RNA interference (RNAi) is a post-transcriptional silencing process, triggered by double-stranded RNA (dsRNA), leading to the destabilization of homologous mRNAs. A distinction has been made between endogenous RNAi–related pathways and the exogenous RNAi pathway, the latter being essential for the experimental use of RNAi. Previous studies have shown that, in Caenorhabditis elegans, a complex containing the enzymes Dicer and the Argonaute RDE-1 process dsRNA. Dicer is responsible for cleaving dsRNA into short interfering RNAs (siRNAs) while RDE-1 acts as the siRNA acceptor. RDE-1 then guides a multi-protein complex to homologous targets to trigger mRNA destabilization. However, endogenous role(s) for RDE-1, if any, have remained unexplored. We here show that RDE-1 functions as a scavenger protein, taking up small RNA molecules from many different sources, including the microRNA (miRNA) pathway. This is in striking contrast to Argonaute proteins functioning directly in the miRNA pathway, ALG-1 and ALG-2: these proteins exclusively bind miRNAs. While playing no significant role in the biogenesis of the main pool of miRNAs, RDE-1 binds endogenous miRNAs and triggers RdRP activity on at least one perfectly matching, endogenous miRNA target. The resulting secondary siRNAs are taken up by a set of Argonaute proteins known to act as siRNA acceptors in exogenous RNAi, resulting in strong mRNA destabilization. Our results show that RDE-1 in an endogenous setting is actively screening the transcriptome using many different small RNAs, including miRNAs, as a guide, with implications for the evolution of transcripts with a potential to be recognized by Dicer.
Due to its intrinsic characteristics, RNA interference (RNAi) has become one of the most widely used tools in cell biology and has revolutionized approaches to elucidate gene function. The process, also known as RNA silencing, is triggered by dsRNA molecules that are cleaved by Dicer proteins into small interfering RNAs (siRNAs). The rde-1 gene from Caenorhabditis elegans was one of the first genes found in association with this mechanism and encodes the only Argonaute protein in worms, which is by itself essential for the classical RNAi pathway triggered by exogenously introduced dsRNA. However, little is known about endogenous functions of RDE-1. Here we show that RDE-1 binds to many classes of small RNAs, including microRNAs. We show that miR-243 is efficiently bound by RDE-1 and triggers regular RNAi on an endogenous target, implying that many RNA species, including miRNAs, are constantly being screened against the transcriptome using the canonical exogenous RNAi pathway.
When recognized by the RNA interference (RNAi) pathway, double-stranded RNA (dsRNA) produced in eukaryotic cells results in posttranscriptional gene silencing. In addition, dsRNA can trigger the interferon response as part of the immune response in vertebrates. In this study, we show that dsRNA, but not short interfering RNA (siRNA), induces the expression of qde-2 (an Argonaute gene) and dcl-2 (a Dicer gene), two central components of the RNAi pathway in the filamentous fungus Neurospora crassa. The induction of QDE-2 by dsRNA is required for normal gene silencing, indicating that this is a regulatory mechanism that allows the optimal function of the RNAi pathway. In addition, we demonstrate that Dicer proteins (DCLs) regulate QDE-2 posttranscriptionally, suggesting a role for DCLs or siRNA in QDE-2 accumulation. Finally, a genome-wide search revealed that additional RNAi components and homologs of antiviral and interferon-stimulated genes are also dsRNA-activated genes in Neurospora. Together, our results suggest that the activation of the RNAi components is part of a broad ancient host defense response against viral and transposon infections.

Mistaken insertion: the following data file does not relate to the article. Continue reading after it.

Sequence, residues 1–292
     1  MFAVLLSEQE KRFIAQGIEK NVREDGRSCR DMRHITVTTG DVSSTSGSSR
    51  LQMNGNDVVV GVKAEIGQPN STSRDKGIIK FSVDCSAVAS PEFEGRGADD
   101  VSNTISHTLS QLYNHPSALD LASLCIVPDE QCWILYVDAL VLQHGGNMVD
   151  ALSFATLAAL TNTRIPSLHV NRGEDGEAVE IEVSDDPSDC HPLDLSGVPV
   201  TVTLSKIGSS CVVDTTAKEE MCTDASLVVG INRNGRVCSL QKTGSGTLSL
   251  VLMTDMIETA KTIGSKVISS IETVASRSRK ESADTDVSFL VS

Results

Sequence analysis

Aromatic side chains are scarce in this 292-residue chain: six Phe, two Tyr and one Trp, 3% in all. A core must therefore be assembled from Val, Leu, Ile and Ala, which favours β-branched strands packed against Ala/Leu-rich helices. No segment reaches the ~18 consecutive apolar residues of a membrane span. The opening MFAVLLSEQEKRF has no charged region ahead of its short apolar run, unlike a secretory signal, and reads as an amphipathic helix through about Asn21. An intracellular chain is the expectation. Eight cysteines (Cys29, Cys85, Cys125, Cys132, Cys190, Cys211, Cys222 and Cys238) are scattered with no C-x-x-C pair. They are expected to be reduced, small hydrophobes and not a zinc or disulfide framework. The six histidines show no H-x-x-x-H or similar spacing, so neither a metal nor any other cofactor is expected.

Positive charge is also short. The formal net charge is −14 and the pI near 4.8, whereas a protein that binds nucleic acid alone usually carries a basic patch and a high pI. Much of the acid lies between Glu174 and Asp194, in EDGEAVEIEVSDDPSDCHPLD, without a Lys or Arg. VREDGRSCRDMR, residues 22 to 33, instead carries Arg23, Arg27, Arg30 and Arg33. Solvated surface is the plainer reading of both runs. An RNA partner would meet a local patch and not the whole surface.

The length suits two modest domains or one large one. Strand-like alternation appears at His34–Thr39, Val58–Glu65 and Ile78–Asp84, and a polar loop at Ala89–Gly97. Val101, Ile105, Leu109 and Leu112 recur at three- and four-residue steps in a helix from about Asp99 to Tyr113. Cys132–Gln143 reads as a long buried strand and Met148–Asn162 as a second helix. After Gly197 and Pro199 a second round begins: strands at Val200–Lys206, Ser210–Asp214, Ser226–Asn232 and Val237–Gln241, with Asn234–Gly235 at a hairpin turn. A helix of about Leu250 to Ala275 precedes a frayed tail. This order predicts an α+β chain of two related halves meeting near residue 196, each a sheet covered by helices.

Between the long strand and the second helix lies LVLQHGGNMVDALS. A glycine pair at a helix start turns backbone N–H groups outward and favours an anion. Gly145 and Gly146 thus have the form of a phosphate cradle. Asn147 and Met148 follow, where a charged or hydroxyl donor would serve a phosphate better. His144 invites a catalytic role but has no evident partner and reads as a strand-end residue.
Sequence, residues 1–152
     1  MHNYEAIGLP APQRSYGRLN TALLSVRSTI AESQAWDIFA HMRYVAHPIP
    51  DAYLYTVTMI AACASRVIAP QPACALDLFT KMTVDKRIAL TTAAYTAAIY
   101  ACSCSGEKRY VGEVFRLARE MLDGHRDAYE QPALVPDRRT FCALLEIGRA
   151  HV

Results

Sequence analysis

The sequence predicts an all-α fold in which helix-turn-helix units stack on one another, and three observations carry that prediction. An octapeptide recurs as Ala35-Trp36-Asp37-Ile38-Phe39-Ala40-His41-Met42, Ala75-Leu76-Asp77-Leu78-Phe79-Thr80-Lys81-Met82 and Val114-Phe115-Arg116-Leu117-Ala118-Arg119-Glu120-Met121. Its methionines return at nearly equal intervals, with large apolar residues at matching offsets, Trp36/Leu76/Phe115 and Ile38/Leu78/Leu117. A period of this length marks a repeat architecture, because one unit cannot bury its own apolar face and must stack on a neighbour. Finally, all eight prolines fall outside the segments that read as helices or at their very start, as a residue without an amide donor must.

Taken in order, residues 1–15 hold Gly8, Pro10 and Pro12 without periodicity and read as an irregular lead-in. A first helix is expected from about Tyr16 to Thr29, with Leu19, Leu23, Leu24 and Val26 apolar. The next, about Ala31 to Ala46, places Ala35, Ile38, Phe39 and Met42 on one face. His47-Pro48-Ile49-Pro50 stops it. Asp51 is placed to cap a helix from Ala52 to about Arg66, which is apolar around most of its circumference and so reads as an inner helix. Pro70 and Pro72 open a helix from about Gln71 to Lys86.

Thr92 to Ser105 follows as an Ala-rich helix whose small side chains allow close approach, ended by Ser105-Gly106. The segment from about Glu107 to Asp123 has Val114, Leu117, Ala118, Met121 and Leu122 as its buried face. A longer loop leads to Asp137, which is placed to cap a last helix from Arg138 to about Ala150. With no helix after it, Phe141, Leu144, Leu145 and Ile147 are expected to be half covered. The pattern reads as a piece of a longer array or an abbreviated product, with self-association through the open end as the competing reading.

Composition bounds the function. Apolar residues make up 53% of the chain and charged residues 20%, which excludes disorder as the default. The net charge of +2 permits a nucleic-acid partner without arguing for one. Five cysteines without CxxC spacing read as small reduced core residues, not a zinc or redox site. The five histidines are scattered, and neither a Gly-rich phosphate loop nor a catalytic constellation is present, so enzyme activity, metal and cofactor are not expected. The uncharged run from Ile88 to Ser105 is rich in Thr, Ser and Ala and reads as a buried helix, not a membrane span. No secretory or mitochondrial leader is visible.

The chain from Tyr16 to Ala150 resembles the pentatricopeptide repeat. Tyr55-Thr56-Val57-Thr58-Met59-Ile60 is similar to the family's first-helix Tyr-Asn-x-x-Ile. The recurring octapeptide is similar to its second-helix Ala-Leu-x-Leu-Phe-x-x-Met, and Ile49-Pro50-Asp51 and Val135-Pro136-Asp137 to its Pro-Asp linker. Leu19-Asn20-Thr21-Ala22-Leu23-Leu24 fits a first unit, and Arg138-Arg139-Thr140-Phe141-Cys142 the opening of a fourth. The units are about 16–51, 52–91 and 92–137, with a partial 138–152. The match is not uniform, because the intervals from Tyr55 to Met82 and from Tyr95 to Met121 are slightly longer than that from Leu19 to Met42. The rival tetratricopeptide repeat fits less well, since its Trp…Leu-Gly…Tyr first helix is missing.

RNA interference (RNAi) pathways are widespread in metaozoans but the genes required show variable occurrence or activity in eukaryotic microbes, including many pathogens. While some Leishmania lack RNAi activity and Argonaute or Dicer genes, we show that Leishmania braziliensis and other species within the Leishmania subgenus Viannia elaborate active RNAi machinery. Strong attenuation of expression from a variety of reporter and endogenous genes was seen. As expected, RNAi knockdowns of the sole Argonaute gene implicated this protein in RNAi. The potential for functional genetics was established by testing RNAi knockdown lines lacking the paraflagellar rod, a key component of the parasite flagellum. This sets the stage for the systematic manipulation of gene expression through RNAi in these predominantly diploid asexual organisms, and may also allow selective RNAi-based chemotherapy. Functional evolutionary surveys of RNAi genes established that RNAi activity was lost after the separation of the Leishmania subgenus Viannia from the remaining Leishmania species, a divergence associated with profound changes in the parasite infectious cycle and virulence. The genus Leishmania therefore offers an accessible system for testing hypothesis about forces that may select for the loss of RNAi during evolution, such as invasion by viruses, changes in genome plasticity mediated by transposable elements and gene amplification (including those mediating drug resistance), and/or alterations in parasite virulence.
RNAi interference pathways play fundamental roles in eukaryotes and provide important methods for the analysis of gene function. Occasionally RNAi has been lost, precluding its use as a tool, as well as raising the question of what forces could lead to loss of such a key pathway. Genomic and functional studies previously showed that within trypanosomatids protozoans RNAi was absent in both Leishmania major and Trypanosoma cruzi. The genome of L. braziliensis, a member of the early diverging Leishmania subgenus Viannia, retained key genes required for RNAi such as an Argonaute. We demonstrated that in fact L. braziliensis shows strong RNAi activity with reporter and endogenous genes affecting flagellar function. These data suggest that RNAi may be productively applied for functional genomic studies in L. braziliensis. We mapped the evolutionary point at which RNAi was lost in lineage leading to Leishmania and Crithidia, and establish that RNAi must have been lost at least twice in the trypanosomatids, once on the lineage leading to T. cruzi and independently following the divergence of the Viannia subgenus from other Leishmania species. Lastly, we discuss hypotheses concerning the forces leading to the loss of RNAi in Leishmania evolution, including viral invasion, increased genome plasticity, and altered virulence.